The Atlantic Politics & Policy Daily: Catching Steyer

The billionaire climate-change activist has nearly clinched a spot on the debate stage. Plus, Trump delays the rollout of Chinese tariffs and John Hickenlooper mulls dropping out.

Tom Steyer makes a funny face while taking a selfie with a woman at the Iowa State Fair.
Tom Steyer takes a picture with a woman at the Iowa State Fair. ((Eric Thayer / Reuters))
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What We’re Following Today

It’s Tuesday, August 13.

‣ Former Colorado Governor John Hickenlooper is considering ending his 2020 presidential bid and running for the Senate instead, according to The New York Times.

‣ The White House said it will delay levying tariffs on some Chinese-made electronics, such as cellphones and laptops, until December 15, leading stocks to jump on Tuesday. Those tariffs were scheduled to go into effect September 1.

‣ The House Judiciary Committee will open a bipartisan investigation into the death of the financier Jeffrey Epstein, looking into how he was monitored in prison and if there is any surveillance video of his jail cell.

Here’s what else we’re watching.


(Eric Thayer / Reuters)

Two women watch as Senator Kamala Harris speaks at a rally in Davenport, Iowa.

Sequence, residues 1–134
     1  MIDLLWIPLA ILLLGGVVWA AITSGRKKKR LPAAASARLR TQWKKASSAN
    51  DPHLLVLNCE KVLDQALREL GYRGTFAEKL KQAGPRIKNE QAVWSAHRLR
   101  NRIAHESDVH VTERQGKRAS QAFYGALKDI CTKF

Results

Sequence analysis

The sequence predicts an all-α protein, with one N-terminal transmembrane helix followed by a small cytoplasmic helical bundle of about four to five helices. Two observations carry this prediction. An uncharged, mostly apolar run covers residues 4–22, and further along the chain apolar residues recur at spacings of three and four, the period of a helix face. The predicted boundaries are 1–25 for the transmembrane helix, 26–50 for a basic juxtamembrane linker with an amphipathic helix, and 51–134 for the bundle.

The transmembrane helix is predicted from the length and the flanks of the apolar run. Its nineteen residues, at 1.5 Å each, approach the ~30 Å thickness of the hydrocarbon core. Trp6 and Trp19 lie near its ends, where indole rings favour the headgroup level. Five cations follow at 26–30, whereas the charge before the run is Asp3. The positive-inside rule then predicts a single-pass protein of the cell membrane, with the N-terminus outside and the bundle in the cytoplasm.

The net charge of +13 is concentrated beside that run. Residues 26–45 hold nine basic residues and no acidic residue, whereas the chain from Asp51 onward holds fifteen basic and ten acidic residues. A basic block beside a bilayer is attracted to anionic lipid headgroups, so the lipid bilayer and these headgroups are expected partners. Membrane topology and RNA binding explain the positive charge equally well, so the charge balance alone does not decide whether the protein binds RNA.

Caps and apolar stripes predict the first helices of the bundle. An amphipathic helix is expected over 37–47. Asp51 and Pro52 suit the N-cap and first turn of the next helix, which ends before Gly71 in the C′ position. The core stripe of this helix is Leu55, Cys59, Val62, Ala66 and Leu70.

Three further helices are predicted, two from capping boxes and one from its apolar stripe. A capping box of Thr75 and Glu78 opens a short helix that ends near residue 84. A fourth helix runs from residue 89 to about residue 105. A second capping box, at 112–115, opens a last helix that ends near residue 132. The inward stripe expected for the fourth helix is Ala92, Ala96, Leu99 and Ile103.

Ideas From The Atlantic

Jeffrey Epstein’s Final Act of Impunity (David A. Graham)
“No matter what sort of elites you hated—Democratic, Republican, financial, academic, technological, coastal—they were all connected to Epstein. Not only that, but his connections offered the tantalizing possibility that his trial could bring down many others. Accordingly, his apparent suicide represents one final act of impunity, depriving his victims of a chance to hold him to account.” → Read on.

The New Servant Class (Derek Thompson)
“Relationships between the classes, once mediated through the household, are now managed through an app that serves a large metro area. The workers of the new servant economy don’t live with their employers, but rather sleep many miles away where they can afford a bedroom.” → Read on.

Jeffrey Epstein’s Death, in Context (Ken White)
“These stories don’t mention Jeffrey Epstein, but they are about him. Epstein was incarcerated in the United States of America, and this is how the United States of America, the mightiest and richest nation there is or ever has been, treats incarcerated people. When you say, ‘There is no way that guards could be so reckless, so indifferent, so malicious as to just let someone as important as Epstein die,’ this is how 32 Americans respond.” → Read on.

What Else We’re Reading

North Carolina redo election is the last race of 2018—and the first of 2020 (Simone Pathé, Roll Call)

Washington Post editor responds to Bernie Sanders: Your ‘conspiracy theory’ is wrong (Oliver Darcy, Annie Grayer, and Greg Krieg, CNN)

Wall Street sees risk of recession rising (Ben White, Politico)

These 3 cities are key for 2020 Democrats. They’re not in Iowa (Nick Corasaniti, The New York Times) (🔒Paywall)

About us: This newsletter is a daily effort from The Atlantic’s politics writer Elaine Godfrey, with help from Christian Paz. It’s edited by Saahil Desai.

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